regular wages
    complicates the computation of overtime compensation for
    commissioned employees.  I have seen
    various types of errors occasioned by the misconceptions; the most
    detrimental are those that result in failure to pay any overtime
    compensation, even though the records reflect that overtime was paid.  One client had been creating an
    artificial “regular rate” to make the records appear that overtime pay had
    been added to commission earnings, but in reality the half-time premium
    was imbedded in the commissions (not legal, of course).
  • A similar (but more formal)
    method is to boost the overtime hours by 1.5, divide total commissions by
    the new “total” of hours worked to obtain a (flawed) regular rate, and
    then show in the records that this rate was paid for the first forty hours
    and time and one-half this rate was paid for overtime hours.  Obviously, the result is false records
    and failure to pay any true overtime compensation.
  • “Tinkering” with the results
    after overtime wages have been properly computed often obliterates the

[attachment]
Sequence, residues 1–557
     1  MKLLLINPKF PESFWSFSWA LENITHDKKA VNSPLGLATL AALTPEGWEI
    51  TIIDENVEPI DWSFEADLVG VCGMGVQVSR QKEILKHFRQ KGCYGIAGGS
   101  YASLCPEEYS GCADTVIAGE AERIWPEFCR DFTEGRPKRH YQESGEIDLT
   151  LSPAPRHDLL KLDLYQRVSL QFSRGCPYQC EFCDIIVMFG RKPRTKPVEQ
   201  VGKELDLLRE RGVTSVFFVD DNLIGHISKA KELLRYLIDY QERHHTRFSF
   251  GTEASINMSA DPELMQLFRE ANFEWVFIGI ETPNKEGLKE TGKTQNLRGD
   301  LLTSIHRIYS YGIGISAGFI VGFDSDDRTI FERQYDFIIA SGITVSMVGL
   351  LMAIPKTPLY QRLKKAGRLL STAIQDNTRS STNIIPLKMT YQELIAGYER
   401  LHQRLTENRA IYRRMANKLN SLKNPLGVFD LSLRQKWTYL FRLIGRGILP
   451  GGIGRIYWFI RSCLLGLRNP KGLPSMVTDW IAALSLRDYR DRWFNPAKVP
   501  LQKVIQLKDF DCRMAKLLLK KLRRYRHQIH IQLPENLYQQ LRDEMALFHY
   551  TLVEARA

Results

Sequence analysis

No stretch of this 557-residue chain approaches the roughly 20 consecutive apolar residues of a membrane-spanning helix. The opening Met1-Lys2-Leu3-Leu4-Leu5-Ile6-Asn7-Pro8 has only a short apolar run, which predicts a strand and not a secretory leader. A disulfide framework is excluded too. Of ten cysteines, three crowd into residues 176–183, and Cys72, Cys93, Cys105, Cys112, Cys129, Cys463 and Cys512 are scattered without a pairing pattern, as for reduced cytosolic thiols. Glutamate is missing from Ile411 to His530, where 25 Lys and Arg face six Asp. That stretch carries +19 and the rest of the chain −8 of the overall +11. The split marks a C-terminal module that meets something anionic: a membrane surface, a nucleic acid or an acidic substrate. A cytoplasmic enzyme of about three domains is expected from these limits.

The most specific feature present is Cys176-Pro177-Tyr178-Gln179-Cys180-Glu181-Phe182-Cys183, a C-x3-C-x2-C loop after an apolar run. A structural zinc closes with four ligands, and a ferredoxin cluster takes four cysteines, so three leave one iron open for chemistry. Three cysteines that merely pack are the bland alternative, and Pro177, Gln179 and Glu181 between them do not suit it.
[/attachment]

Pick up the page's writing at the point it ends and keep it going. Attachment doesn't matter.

intended overtime pay.  This happens
    when an employer, intentionally or inadvertently, modifies the calculations
    of compensation.  One example is the
    use of a guaranty plan.  There are
    numerous variations of such an arrangement (always resulting in FLSA
    violations).  Here is an
    illustration: The employer had been paying 25% commission with no overtime
    pay.  After being investigated by
    DOL, and paying back wages, the employer came into compliance  by agreeing to pay half-time premium
    wages for all hours over forty.  The
    employer modified the commission plan, reducing the percentage to
    22%.  However, this employer made a
    serious mistake by advising the employees that he will see to it that they